On Monday, Democrats in California advanced a plan to provide in-state tuition rates to Mexican nationals.
If Governor Gavin Newsom (D.) signed into law, a measure would allow low-income Mexicans residing within 45 miles of California’s border with Mexico to pay in-state tuition at certain community schools in Southern California.
The initiative will continue until 2029 if approved by the governor. Proponents of the law argue that it would aid the state in recruiting qualified candidates for open posts.
Assemblymember David Alvarez (D-San Diego) presented Assembly Bill 91 to facilitate the higher education of students who are dual citizens of the United States and Mexico. Low-income Mexican students who reside within 45 miles of the California border could pay in-state tuition for five years at any of the seven San Diego and Imperial Valley Counties Community College Assn campuses under the proposed legislation.
In the pilot program envisioned by his legislation, up to 200 international students might enroll at each participating university. U.S. citizens or Mexican nationals with valid visas would be eligible to enroll in the program.
In-state tuition for eligible students is $46 per unit, a significant savings above the typical non-resident price of $300 each semester.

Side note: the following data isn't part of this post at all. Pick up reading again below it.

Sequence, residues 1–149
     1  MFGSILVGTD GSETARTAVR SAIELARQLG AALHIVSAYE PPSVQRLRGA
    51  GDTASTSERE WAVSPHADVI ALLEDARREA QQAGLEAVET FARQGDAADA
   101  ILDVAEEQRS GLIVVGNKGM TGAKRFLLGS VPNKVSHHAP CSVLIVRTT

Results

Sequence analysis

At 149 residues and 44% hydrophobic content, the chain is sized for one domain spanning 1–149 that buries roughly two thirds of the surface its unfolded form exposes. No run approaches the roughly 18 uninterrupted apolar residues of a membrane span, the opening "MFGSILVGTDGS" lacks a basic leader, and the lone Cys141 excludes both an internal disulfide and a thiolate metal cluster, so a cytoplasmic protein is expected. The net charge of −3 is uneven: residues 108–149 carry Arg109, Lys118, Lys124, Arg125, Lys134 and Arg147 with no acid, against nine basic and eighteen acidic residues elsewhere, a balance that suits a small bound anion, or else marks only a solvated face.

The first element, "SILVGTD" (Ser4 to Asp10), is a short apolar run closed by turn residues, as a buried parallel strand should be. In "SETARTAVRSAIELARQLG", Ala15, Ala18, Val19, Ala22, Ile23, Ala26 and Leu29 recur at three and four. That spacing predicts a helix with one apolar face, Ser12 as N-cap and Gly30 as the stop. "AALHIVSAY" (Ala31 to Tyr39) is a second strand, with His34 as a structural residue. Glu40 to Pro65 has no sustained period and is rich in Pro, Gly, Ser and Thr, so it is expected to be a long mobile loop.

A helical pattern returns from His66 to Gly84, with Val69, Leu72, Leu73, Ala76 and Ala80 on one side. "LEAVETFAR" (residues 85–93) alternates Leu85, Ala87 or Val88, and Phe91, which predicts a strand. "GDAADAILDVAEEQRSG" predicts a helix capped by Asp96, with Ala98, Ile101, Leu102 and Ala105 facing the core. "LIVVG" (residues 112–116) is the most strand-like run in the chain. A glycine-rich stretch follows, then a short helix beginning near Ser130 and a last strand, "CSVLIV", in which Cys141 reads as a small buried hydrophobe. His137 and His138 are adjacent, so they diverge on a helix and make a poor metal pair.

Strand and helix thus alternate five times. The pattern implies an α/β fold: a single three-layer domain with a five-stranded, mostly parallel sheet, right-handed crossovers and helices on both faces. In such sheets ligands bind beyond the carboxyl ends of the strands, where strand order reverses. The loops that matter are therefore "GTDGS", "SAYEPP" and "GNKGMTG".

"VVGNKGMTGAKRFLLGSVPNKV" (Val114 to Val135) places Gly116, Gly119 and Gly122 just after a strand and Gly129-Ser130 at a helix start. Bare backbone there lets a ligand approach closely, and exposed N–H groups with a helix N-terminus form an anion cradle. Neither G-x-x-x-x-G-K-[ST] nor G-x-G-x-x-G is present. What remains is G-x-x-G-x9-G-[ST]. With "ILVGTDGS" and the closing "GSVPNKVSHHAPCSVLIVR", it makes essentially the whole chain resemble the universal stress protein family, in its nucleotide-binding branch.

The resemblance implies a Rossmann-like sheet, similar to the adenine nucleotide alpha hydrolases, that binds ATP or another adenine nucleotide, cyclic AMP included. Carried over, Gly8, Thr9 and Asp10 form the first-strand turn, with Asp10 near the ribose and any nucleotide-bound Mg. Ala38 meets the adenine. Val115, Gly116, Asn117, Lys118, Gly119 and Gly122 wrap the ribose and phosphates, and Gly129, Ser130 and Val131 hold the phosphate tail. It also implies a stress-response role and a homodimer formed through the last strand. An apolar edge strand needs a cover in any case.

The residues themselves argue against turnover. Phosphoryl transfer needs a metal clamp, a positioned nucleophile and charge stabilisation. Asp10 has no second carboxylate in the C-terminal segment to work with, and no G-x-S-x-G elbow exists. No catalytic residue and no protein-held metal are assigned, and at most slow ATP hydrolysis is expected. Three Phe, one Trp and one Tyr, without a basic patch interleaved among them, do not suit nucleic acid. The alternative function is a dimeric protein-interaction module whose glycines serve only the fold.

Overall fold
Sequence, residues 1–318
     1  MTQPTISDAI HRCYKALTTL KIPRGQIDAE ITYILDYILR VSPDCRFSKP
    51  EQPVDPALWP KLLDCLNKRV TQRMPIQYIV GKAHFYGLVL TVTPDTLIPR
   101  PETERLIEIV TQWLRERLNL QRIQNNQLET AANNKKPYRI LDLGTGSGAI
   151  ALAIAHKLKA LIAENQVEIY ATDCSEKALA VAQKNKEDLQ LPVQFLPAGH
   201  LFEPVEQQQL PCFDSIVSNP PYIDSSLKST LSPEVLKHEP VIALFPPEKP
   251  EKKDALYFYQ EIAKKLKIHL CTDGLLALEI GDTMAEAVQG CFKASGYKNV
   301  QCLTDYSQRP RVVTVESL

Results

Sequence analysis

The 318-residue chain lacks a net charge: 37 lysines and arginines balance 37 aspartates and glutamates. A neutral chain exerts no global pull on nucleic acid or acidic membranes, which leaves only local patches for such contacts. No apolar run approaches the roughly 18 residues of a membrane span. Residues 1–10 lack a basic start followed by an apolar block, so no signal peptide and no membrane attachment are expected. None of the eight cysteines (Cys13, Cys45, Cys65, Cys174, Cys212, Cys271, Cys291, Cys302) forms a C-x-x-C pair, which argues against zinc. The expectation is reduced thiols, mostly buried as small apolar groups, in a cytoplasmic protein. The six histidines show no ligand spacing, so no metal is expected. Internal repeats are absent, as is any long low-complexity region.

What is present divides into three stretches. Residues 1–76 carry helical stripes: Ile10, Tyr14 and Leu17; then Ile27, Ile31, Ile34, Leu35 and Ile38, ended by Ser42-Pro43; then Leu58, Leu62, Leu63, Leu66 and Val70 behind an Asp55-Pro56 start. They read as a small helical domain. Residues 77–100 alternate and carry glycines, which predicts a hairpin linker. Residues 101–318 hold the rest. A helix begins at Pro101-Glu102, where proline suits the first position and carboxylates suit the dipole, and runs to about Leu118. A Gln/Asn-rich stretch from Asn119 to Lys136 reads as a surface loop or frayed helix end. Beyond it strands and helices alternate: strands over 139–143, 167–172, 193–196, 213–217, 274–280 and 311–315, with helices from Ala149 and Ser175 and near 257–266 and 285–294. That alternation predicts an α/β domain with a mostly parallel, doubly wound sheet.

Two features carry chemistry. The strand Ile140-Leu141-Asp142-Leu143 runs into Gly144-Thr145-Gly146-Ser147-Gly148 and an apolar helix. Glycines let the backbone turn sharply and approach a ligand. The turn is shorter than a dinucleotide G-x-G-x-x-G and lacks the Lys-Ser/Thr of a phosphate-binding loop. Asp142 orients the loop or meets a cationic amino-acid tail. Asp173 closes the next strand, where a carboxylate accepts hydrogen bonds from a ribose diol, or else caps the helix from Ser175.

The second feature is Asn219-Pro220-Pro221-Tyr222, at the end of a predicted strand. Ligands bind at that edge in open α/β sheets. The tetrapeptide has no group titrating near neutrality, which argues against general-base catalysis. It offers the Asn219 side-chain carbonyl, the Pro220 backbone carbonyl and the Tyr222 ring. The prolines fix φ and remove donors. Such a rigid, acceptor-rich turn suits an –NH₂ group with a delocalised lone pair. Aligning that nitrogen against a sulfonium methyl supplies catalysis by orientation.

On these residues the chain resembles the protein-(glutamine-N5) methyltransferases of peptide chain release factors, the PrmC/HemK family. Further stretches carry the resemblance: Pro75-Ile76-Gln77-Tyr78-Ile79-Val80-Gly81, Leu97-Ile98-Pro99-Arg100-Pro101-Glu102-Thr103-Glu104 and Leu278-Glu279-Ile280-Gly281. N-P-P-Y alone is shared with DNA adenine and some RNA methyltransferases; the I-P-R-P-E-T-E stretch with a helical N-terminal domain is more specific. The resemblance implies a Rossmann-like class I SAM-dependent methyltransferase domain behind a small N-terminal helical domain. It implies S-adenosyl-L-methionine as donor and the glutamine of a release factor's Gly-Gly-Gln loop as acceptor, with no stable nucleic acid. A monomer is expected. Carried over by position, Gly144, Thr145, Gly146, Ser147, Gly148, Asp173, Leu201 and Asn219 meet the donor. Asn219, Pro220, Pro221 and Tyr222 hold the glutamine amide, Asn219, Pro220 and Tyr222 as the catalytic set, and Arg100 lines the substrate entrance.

Alvarez said the school treats its binational students like locals, charging them in-state tuition rather than the much higher rates charged to international students because “we believe so passionately in our area.”
Legislative authorities have not determined the cost to the state at this time. It comes as California struggles with a $22.5 billion budget shortfall and a steep decline in enrollment at several of its community institutions.
Enrollment in California’s community colleges hit a 30-year low between the fall of 2019 and 2021. Enrollment fell by 20.3% at Southwestern College, one of the San Diego institutions eligible for the experimental program.
Assemblyman Devon Mathis (R-Visalia) expressed support for expanding the state’s labor force via legal immigration but expressed worry about some provisions of the measure.
Mathis said in an email that the state should “promote students to remain in California and create their professions here after graduation” and ensure the measure doesn’t take money away from the rest of the community college system.